A pump at a gas station in Silver Spring, Md., is out of service, notifying customers they are out of fuel, Thursday, May 13, 2021. Motorists found gas pumps shrouded in plastic bags at tapped-out service stations across more than a dozen U.S. states Thursday while the operator of the nation's largest gasoline pipeline reported making "substantial progress" in resolving the computer hack-induced shutdown responsible for the empty tanks. (AP Photo/Manuel Balce Ceneta)
ATLANTA (AP) — The operator of the nation's largest gasoline pipeline — hit on May 7th by a ransomware attack — announced Saturday that it has resumed “normal operations," delivering fuel to its markets, including a large swath of the East Coast.
Georgia-based Colonial Pipeline had begun the process of restarting the pipeline's operations on Wednesday evening, warning it could take several days for the supply chain to return to normal.
“Since that time, we have returned the system to normal operations, delivering millions of gallons per hour to the markets we serve,” Colonial Pipeline said in a tweet Saturday. Those markets include Texas, Louisiana, Mississippi, Alabama, Tennessee, Georgia, South and North Carolina, Virginia, Maryland, Washington D.C., Delaware, Pennsylvania and New Jersey.
“All of these markets are now receiving product from our pipeline,” the company said, noting how its employees across the pipeline “worked safely and tirelessly around the clock to get our lines up and running.”
Gas shortages, which spread from the South, all but emptying stations in Washington, D.C., have been improving since a peak on Thursday night. Energy Secretary Jennifer Granholm told The Associated Press on Friday that the nation is “over the hump” on gas shortages, with about 200 stations returning to service every hour.
“It’s still going to work its way through the system over the next few days, but we should be back to normal fairly soon," she said.
Some stations were still out of gas in Raleigh, North Carolina, on Saturday. Driver Jermaine Barnes told CBS17 the shortage has made him more conservative with his trips.
“I’m not going places I don’t need to go,” he said. “I’m not visiting people. I’m watching where I’m driving. I’m doing everything different right now.”
Some drivers responded angrily on Facebook Saturday to a post by ABC-13 in Asheville, North Carolina, about the pipeline resuming normal operations. Several said the majority of gas stations still did not have fuel and those that did receive deliveries were quickly selling out.
Martha Meade, manager for public and government relations at AAA Mid-Atlantic, said many gas stations in the Virginia area still did not have gas on Saturday. But she said “lines have diminished from the height of the crisis” and “panic buying has subsided.”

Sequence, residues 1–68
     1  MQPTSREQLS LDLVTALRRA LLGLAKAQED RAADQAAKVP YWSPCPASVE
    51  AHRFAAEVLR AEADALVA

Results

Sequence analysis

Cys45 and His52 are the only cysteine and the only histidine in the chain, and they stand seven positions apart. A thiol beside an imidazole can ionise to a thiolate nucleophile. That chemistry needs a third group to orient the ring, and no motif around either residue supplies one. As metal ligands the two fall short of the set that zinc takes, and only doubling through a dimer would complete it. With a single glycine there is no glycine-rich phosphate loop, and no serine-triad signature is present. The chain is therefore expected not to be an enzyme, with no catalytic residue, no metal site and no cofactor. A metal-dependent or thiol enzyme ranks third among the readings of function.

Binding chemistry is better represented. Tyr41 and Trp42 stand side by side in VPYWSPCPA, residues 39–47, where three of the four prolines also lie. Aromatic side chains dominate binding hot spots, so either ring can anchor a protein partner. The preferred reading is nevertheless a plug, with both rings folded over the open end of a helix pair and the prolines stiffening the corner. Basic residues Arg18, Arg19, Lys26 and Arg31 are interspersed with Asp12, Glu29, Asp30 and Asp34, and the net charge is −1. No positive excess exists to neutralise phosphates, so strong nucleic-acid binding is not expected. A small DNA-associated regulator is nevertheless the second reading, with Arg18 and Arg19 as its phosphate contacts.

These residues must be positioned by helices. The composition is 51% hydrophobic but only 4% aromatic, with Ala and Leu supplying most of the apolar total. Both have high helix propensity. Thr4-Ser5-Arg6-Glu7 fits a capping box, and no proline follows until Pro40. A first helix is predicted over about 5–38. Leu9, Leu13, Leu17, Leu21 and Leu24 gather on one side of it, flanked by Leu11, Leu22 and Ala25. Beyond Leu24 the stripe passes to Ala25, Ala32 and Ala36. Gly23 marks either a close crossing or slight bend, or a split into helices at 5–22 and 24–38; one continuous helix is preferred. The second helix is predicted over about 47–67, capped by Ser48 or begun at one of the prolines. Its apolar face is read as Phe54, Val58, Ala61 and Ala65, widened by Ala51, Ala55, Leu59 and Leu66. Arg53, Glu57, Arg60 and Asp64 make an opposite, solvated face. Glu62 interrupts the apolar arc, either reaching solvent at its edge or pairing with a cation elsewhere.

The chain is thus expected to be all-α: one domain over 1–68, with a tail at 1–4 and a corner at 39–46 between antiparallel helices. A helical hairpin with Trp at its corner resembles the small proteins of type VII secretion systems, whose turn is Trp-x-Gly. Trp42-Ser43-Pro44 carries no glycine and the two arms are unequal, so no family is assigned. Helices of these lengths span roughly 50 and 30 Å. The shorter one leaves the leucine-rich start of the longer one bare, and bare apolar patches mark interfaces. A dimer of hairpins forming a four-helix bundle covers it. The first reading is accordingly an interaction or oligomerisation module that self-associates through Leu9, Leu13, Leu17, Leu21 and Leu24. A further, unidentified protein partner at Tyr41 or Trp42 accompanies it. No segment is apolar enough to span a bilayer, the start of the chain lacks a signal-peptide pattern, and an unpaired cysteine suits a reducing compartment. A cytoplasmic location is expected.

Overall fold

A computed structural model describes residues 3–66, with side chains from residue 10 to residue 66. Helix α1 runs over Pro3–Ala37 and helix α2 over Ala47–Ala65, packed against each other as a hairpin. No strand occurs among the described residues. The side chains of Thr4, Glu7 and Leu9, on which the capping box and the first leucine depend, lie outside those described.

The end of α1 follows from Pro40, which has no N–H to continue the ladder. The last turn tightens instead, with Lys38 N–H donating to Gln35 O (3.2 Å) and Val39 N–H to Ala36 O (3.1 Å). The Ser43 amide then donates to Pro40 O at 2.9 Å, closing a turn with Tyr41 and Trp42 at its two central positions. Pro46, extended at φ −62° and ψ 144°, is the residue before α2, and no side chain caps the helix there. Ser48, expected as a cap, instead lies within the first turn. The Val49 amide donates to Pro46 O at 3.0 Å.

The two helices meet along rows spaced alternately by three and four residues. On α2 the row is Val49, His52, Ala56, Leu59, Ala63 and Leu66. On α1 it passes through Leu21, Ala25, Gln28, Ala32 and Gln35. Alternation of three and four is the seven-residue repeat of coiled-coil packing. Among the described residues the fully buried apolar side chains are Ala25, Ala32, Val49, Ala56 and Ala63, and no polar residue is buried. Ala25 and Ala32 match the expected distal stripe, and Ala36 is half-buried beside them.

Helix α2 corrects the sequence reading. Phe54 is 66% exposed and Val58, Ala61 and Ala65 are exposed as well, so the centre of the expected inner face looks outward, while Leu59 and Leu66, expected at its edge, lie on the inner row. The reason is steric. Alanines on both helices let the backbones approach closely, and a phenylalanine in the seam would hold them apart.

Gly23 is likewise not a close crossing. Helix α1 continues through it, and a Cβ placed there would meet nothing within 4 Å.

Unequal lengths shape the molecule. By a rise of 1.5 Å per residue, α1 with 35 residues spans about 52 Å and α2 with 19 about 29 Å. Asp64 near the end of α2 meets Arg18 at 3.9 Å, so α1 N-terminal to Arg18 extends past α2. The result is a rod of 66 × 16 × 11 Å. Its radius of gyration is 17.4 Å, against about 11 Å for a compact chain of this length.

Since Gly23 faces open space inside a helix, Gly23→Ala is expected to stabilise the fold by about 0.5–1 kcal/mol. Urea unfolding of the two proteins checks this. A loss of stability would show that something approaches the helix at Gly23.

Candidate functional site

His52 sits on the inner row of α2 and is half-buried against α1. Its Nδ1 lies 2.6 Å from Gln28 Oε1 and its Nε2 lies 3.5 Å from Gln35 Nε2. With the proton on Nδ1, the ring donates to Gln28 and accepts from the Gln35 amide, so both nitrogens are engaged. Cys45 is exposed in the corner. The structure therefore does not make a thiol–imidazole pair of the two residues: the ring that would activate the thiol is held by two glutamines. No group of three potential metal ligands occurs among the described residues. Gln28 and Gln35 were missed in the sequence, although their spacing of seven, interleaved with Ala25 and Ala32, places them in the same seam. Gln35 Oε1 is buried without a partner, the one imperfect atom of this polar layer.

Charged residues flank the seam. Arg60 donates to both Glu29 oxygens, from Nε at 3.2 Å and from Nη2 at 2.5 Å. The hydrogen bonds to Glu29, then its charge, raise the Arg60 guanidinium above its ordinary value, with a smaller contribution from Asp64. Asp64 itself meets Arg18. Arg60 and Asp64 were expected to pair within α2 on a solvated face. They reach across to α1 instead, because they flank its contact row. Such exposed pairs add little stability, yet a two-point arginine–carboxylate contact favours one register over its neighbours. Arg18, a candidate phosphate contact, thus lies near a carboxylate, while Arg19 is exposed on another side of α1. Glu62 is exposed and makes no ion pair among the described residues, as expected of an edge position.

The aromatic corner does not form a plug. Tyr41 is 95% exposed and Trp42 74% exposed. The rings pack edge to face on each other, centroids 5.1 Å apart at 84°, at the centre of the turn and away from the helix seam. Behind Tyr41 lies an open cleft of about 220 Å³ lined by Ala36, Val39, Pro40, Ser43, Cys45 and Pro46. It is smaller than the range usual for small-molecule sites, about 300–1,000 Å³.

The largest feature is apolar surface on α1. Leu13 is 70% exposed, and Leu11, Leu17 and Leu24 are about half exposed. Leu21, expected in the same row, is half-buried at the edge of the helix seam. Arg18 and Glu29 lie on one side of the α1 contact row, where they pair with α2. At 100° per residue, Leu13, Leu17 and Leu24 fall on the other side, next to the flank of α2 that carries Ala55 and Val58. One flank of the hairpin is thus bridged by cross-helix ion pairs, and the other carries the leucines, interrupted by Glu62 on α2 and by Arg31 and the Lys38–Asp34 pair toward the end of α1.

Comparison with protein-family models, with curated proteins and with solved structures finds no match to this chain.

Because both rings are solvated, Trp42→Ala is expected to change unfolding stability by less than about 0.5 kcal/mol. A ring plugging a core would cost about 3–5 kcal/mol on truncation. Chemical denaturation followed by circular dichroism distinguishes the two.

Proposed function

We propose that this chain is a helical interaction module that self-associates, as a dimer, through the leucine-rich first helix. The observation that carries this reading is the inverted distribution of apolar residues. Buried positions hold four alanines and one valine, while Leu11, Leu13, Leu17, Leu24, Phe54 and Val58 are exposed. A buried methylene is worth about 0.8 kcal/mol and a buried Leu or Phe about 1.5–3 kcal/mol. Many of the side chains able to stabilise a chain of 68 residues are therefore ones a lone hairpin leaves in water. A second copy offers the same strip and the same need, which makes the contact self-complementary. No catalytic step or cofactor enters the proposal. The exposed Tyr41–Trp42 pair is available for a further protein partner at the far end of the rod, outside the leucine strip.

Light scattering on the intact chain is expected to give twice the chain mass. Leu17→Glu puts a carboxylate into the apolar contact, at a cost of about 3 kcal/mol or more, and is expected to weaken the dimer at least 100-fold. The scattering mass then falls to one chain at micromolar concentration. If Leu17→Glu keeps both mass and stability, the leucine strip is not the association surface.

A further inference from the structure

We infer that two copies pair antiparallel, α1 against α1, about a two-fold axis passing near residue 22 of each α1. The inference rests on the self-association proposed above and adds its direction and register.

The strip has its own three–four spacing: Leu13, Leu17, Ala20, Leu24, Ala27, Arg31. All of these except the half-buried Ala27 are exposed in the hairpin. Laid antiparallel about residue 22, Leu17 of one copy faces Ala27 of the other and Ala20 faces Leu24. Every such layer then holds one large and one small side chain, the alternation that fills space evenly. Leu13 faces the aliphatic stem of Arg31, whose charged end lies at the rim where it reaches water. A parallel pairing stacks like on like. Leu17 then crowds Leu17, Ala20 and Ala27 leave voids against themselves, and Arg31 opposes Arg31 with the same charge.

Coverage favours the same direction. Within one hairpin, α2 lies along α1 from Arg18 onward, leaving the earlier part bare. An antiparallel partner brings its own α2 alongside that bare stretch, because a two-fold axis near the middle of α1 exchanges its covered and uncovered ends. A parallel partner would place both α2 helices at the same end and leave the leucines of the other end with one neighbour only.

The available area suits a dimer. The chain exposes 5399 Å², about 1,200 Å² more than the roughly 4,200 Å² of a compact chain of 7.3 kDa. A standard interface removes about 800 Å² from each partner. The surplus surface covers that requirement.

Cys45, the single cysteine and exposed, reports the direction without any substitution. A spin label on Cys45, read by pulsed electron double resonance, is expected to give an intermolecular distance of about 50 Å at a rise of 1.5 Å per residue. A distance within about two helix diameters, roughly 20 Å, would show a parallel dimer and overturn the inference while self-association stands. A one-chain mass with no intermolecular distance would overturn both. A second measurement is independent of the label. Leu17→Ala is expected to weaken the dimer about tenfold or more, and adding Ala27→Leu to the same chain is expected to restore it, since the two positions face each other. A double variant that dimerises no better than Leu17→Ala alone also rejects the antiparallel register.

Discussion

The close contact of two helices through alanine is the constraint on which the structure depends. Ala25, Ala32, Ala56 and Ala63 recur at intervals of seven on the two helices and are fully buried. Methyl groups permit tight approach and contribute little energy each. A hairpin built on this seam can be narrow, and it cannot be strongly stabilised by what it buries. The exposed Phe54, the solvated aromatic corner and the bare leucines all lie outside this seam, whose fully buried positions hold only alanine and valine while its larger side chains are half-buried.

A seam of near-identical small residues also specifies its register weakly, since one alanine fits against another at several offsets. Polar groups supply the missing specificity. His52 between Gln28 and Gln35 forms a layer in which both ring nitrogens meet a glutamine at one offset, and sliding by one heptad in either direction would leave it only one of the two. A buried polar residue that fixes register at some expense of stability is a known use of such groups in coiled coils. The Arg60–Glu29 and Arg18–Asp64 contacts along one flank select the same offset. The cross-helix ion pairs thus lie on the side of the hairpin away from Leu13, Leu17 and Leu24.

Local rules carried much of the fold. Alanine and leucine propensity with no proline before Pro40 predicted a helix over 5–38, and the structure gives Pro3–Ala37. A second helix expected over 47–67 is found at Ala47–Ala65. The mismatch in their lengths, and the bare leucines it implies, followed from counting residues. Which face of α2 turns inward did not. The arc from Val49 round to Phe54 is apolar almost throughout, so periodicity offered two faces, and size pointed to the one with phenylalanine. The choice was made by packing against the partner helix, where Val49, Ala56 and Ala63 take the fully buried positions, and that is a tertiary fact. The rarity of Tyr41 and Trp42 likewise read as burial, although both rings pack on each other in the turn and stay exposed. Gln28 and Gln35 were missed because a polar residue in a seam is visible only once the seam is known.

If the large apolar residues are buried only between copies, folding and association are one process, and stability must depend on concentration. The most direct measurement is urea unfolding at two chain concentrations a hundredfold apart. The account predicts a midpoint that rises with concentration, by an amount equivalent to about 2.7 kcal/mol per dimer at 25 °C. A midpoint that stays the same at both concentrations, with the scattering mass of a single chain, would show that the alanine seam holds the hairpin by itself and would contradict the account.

Multiple sources confirmed to The Associated Press that Colonial Pipeline had paid the criminals who committed the cyberattack a ransom of nearly $5 million in cryptocurrency for the software decryption key required to unscramble their data network.
The ransom — 75 Bitcoin — was paid last Saturday, a day after the criminals locked up Colonial’s corporate network, according to Tom Robinson, co-founder of the cryptocurrency-tracking firm Elliptic. Prior to Robinson’s blog post, two people briefed on the case had confirmed the payment amount to AP.
The pipeline system delivers about 45% of the gasoline consumed on the East Coast.
This story corrects that the ransomware attack occurred on May 7 and not last week.
Featured Article: Market Capitalization - What it Means for Investors7 Forever Stocks That Are Never Bad to Buy
Investors thought 2021 would be a less volatile year. That narrative has run into some problems. Sure, all the major indexes are up for the year. And that’s despite the NASDAQ’s gut-wrenching 10% drop in March.
But many investors don’t feel much like celebrating. In fact, many are concerned about the liquidity that continues to be pumped into the stock market. In 2020, the pandemic flooded the economy with $6 trillion dollars of stimulus.
However, in the last few months, the Federal Reserve has introduced another $6 trillion into the economy. We would have stopped counting, but the math is pretty easy. It’s $12.3 trillion that has flooded into the economy.
Eventually, this is going to end badly. But timing the market is an imperfect science particularly when many investors are enjoying the game.
Fortunately, there’s a way to safeguard your portfolio without abandoning equities. That has to do with investing in forever stocks.
Forever stocks aren’t magic beans. They don’t go up forever. But they are stocks that have stood the test of time. And investing in these stocks will keep your portfolio heading in the right direction.
With that in mind, we’ve put together this special presentation that showcases seven of these forever stocks. These are all stocks that are household names, but that’s kind of the point. You don’t need special knowledge. You just have to recognize that these are companies that consistently do right by their shareholders.
View the "7 Forever Stocks That Are Never Bad to Buy"